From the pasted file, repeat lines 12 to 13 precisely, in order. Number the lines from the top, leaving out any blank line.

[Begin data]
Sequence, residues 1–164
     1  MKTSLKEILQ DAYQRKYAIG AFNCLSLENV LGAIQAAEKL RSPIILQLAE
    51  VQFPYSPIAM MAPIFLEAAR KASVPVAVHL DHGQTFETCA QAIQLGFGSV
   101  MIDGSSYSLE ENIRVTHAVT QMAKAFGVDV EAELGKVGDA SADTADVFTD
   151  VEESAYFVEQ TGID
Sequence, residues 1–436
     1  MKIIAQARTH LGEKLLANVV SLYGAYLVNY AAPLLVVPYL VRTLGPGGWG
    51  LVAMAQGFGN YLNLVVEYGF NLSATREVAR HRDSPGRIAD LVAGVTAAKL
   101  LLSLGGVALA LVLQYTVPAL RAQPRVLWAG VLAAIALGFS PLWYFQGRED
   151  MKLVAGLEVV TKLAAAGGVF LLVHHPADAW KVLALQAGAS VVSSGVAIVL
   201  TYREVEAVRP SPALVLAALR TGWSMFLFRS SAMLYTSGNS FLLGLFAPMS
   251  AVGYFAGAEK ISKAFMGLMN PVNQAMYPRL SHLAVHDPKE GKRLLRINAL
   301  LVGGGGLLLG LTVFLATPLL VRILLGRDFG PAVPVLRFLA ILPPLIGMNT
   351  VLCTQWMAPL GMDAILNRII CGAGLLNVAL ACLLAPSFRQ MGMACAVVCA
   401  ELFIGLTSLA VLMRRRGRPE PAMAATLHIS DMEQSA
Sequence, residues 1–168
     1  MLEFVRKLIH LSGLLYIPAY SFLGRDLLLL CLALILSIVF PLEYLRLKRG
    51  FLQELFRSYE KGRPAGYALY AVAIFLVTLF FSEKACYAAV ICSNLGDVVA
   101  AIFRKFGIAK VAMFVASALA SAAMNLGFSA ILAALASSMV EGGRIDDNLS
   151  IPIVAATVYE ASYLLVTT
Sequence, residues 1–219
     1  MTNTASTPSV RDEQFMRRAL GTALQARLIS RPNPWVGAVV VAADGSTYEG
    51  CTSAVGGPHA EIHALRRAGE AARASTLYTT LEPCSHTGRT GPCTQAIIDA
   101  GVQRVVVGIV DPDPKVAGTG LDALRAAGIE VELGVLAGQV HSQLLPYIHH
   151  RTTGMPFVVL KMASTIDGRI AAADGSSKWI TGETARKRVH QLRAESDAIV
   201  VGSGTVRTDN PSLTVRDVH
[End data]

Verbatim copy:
   251  AVGYFAGAEK ISKAFMGLMN PVNQAMYPRL SHLAVHDPKE GKRLLRINAL
   301  LVGGGGLLLG LTVFLATPLL VRILLGRDFG PAVPVLRFLA ILPPLIGMNT